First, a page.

Shandon’s Fiona Burnet is heading to Birmingham 2022 with more than one goal in mind.

The Commonwealth Games debutant is hoping to be part of the first medal-winning Team Scotland squad since hockey was added to the event in 1998.

And as part of the eco-athletes’ group, Burnet forms part of a global network of athletes pushing for a “climate comeback” and hopes she can enlist more stars to join the fight this summer.

With the Birmingham 2022 Commonwealth Games set to inspire people and communities across the country this summer, Burnet hopes sharing her story will give others motivation to get involved in sport and turn their dreams into reality.

Burnet is one of over 1,100 elite athletes on UK Sport’s National Lottery-funded World Class Programme, allowing them to train full time, have access to the world’s best coaches and benefit from pioneering technology, science, and medical support.

“Within hockey we’re in the early stages of setting up a group called hockey for climate,” Burnet explained.

“It’s a group of international players and we’re trying to gather more at the Commonwealth Games to raise awareness and to pull together plans as to how we can push for change within our National Governing Bodies, and then push towards the International Hockey Federation (FIH) as well, to get them to implement change. There’s a massive gap there.

“I think it’s something that a lot of athletes are interested in and feel passionate about but quite often they don’t feel comfortable talking about it so we’re hoping to spark a conversation at the games, get more athletes involved and take it from there.”

This summer, Team Scotland, supported by funding raised by National Lottery players, will compromise of over 250 athletes, and having secured her place on the squad, Burnet is looking for medal success.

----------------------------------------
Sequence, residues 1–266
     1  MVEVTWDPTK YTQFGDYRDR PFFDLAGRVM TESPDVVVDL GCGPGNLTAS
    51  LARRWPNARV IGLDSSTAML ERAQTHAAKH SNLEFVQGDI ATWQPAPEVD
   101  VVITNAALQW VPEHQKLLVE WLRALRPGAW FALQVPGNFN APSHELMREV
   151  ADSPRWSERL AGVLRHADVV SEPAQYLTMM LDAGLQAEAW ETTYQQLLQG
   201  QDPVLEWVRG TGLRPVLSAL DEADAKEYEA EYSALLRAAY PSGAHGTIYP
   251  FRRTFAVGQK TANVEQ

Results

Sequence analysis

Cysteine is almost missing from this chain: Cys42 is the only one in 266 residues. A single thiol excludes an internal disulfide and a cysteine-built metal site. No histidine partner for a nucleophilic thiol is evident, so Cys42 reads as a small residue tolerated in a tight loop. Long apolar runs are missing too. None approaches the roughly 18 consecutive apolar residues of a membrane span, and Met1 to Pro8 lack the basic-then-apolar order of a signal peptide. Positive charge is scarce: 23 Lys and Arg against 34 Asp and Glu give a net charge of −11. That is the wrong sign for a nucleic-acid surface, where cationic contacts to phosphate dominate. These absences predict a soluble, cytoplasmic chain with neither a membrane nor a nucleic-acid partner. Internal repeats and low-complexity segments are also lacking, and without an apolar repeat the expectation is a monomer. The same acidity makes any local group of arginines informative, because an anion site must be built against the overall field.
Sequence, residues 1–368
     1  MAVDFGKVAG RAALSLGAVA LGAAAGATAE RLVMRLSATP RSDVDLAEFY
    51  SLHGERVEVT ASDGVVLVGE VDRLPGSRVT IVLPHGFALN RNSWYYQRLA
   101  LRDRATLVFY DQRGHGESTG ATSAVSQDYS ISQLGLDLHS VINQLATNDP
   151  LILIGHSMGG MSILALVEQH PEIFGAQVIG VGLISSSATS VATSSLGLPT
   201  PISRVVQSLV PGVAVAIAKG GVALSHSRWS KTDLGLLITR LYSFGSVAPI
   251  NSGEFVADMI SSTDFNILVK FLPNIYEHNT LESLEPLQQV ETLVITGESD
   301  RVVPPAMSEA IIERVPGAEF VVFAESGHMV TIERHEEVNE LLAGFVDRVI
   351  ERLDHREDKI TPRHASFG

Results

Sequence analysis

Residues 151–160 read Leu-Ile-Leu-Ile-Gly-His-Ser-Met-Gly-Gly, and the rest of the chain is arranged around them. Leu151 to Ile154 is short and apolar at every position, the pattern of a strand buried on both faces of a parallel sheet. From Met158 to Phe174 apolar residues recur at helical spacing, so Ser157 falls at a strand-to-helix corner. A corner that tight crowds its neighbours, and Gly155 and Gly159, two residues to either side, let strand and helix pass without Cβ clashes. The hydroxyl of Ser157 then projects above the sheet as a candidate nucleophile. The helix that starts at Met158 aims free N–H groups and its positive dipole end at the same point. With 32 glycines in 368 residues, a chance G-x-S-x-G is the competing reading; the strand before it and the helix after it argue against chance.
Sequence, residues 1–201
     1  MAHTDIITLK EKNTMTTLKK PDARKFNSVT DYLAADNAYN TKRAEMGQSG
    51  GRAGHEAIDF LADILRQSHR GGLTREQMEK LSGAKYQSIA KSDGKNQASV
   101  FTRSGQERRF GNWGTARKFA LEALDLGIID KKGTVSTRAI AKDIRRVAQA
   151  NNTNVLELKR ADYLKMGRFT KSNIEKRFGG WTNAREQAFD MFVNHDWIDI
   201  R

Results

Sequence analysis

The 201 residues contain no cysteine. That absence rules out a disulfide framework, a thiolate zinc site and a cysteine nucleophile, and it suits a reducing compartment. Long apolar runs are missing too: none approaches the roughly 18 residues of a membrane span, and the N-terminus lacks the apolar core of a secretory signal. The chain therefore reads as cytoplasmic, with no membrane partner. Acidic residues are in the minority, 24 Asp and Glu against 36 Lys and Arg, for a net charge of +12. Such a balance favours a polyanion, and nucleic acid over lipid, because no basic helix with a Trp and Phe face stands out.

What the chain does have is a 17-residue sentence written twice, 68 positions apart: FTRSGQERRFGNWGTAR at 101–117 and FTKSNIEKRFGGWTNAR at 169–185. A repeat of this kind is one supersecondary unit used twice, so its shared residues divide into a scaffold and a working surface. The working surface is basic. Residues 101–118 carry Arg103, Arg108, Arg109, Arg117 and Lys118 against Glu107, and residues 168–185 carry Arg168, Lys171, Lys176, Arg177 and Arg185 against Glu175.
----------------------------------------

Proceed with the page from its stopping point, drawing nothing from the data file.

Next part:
The 25-year-old, who's sister Anna won an Olympic silver medal in sailing at Tokyo 2022, says her passion for the environment stems from her upbringing on the west coast of Scotland.

Her understanding of the changing world around her then developed further while studying at the University of Bath before truly eye-opening experiences while working for a small NGO in New Zealand, Blake Trust, and then at COP 26.

“I realised there is this massive space where athletes can be doing so much more in the environmental space,” she said.

“I didn’t put the two together until I started speaking to some of the athletes at sport at COP, then thought actually this is something I would really love to be involved in and feel like I can give back a bit and hopefully make a bit of a difference.”

And the 73-cap Scotland star says that there is some overlap between her two passions, which has come in handy when transitioning between the two.

“The main thing is the teamwork aspect from hockey because with climate change it’s a global issue, it’s going to affect everyone,” she added.

“We can see from the heatwaves right now that it’s already a massive issue so it’s not like anyone can sit back and watch it.

“Using the teamwork experience we all have from hockey to bring us together will hopefully make a massive impact.”

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